'Django Unchained' a blood-soaked, sensational revenge epic
Published: Tuesday, December 25, 2012 at 6:01 a.m.
Last Modified: Friday, December 21, 2012 at 4:48 p.m.
Oh boy, is there going to be some outrage over this movie.
Starring: Jamie Foxx, Christoph Waltz, Leonardo DiCaprio, Kerry Washington, Samuel L. Jackson
Quentin Tarantino is no stranger to controversy about the pervasive violence and foul language in his movies, but he's reached new heights in his effort to provoke outrage among culture warriors. "Django Unchained" contains scenes of carnage that make the massacre at the end of the first "Kill Bill" look outright tame in comparison, and the language (particularly the liberal use of a certain racial epithet) will make guardians of political correctness blush and faint. But to hell with the outrage: Tarantino's epic Western is a wonderfully stylish, fantastically over-the-top elevation of trash into high art, complete with riveting dialogue and a plethora of stellar performances.
Our setting: The antebellum South, in all its splendor and all its racial ugliness. Django (Jamie Foxx) is a slave on a chain gang, seemingly destined for a life of misery until his gang stumbles upon the dentist turned bounty hunter Dr. King Schultz (Christoph Waltz). Schultz, who detests slavery, needs Django's help to collect a bounty. To that end, he takes Django under his wing, promising to set him free and help Django find his wife, Broomhilda (Kerry Washington), once the bounty has been taken care of.
The bounty subplot actually turns out to be a relatively quick task; the bulk of the movie centers on Django's quest to free his wife from the clutches of the debonair yet sadistic plantation owner Calvin Candie (Leonardo DiCaprio), who's aided by his cringingly loyal black servant Stephen (Samuel L. Jackson). However, Tarantino's deeper aim is to have his crusading black hero enact collective vengeance for centuries of slavery by meting out violent justice (often using the same cruel methods whites used on blacks at the time). It's a revenge thrill writ large, perhaps even bolder than having a squad of avenging Jews take on the Nazis in "Inglourious Basterds."
As is always the case with Tarantino films, the genius starts at the script level. Nobody else's dialogue sounds like Tarantino dialogue, and the movie is peppered with memorable one-liners, exchanges and monologues. But the dialogue isn't just Tarantino stroking his ego or showing off his cleverness (though that's certainly part of it); by giving his characters time to talk, and in such colorful verbiage, he fleshes out even the most rote bit players into colorful individuals. There are also several dialogue-driven suspense scenes that echo the best moments from "Basterds."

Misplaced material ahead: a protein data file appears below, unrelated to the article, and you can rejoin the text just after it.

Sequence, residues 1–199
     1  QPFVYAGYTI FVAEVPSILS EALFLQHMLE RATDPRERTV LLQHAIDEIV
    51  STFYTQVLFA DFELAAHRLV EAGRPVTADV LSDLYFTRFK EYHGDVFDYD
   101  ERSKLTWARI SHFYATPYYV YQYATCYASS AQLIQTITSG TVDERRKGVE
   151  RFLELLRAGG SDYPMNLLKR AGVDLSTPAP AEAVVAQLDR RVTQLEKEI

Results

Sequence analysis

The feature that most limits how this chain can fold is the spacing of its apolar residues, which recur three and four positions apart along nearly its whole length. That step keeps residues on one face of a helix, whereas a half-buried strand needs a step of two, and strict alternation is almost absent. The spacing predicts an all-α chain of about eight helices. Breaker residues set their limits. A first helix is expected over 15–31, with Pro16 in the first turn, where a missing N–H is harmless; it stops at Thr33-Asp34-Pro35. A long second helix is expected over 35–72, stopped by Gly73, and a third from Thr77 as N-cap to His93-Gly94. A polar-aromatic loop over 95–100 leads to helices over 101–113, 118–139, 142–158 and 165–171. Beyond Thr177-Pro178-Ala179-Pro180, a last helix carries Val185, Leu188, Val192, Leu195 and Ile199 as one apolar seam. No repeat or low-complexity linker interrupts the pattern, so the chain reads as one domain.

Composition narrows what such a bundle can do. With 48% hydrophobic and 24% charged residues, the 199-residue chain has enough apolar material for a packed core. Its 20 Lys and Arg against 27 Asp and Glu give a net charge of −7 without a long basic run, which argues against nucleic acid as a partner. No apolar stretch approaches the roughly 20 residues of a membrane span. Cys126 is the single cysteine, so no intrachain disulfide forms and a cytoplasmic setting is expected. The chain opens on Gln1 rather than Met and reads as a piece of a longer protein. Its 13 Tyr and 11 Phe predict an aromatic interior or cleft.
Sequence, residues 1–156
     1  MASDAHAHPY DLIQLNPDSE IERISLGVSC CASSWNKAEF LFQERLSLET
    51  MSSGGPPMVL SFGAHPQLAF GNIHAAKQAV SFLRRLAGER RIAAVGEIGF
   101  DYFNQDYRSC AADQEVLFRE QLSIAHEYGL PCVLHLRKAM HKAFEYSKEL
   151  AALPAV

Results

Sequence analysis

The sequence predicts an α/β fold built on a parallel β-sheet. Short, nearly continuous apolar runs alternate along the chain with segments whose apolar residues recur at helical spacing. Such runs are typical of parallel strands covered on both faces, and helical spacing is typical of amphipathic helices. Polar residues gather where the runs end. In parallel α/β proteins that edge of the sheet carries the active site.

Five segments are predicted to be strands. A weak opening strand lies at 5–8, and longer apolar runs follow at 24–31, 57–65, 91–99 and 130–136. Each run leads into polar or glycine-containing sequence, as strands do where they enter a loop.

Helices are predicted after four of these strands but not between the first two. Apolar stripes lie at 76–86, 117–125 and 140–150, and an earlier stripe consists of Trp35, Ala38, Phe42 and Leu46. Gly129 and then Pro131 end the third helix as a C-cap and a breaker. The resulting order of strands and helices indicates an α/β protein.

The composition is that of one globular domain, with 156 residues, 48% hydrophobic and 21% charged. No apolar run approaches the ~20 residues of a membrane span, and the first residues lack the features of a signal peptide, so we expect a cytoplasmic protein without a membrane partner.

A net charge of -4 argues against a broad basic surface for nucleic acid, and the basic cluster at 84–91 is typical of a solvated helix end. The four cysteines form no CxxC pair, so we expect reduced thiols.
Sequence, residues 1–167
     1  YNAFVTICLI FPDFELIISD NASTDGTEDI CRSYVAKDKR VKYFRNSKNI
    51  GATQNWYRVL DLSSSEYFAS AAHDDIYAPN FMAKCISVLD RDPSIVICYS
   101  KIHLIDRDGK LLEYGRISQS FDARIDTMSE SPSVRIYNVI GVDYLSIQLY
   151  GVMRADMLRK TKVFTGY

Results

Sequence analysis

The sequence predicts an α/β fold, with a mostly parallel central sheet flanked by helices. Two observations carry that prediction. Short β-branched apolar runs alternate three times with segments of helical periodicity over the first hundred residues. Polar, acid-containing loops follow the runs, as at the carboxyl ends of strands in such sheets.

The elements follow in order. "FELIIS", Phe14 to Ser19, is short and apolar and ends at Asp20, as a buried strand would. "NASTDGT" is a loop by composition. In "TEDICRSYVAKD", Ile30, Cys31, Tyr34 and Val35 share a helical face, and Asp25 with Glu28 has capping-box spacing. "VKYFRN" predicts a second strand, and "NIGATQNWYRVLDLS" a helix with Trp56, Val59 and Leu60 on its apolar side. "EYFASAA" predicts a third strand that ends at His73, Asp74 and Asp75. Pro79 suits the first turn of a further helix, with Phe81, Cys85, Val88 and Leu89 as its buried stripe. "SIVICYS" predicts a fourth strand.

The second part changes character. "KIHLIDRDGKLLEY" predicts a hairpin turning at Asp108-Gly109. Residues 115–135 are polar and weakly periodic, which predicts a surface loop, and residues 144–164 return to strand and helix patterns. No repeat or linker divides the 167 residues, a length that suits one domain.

The best of these suspense sequences occurs late in the movie, when Candie, Django and Schultz are at Candie's plantation (aptly called "Candieland") discussing why the slaves won't rise up against their white oppressors. As Django and Schultz sit in the lion's den, bearing witness to Candie's gaudy lifestyle that slavery enables, Candie slowly turns the conversation in a more menacing direction as Django struggles to maintain composure. It's a masterfully directed and edited sequence, proving Tarantino just as much a master of suspense as Alfred Hitchcock and other cinematic greats.
Tarantino is also known for getting career performances from his actors, and all of the principles in "Django" turn in noteworthy performances. Foxx, who after winning his Oscar for "Ray" has had a hard time finding the spotlight, exudes cold fury as Django, making him a very credible hero. DiCaprio, who has spent the past few years brooding in movies such as "Inception" and "Shutter Island," is a blast to watch as the suave, cultured and yet utterly ruthless Candie. However, the standout is once again Waltz, who follows up his Oscar-winning turn in "Basterds" with another spellbinding outing here. Waltz's carefully measured, mannered cadence is a perfect match for Tarantino's dialogue, and he makes sure we see the conviction and humanity of Schultz; he may be a bounty hunter, but he has a genuine bond with Django and a strong sense of justice.
There's so much more to talk about with this movie: the lavish cinematography, the fantastic production detail, the throwback mariachi score (Django even gets his own theme song) ... but the bottom line is this: If you can stomach the violence and the language, "Django Unchained" is a great movie, a thrill ride that could only come from the deranged, brilliant mind of Tarantino.
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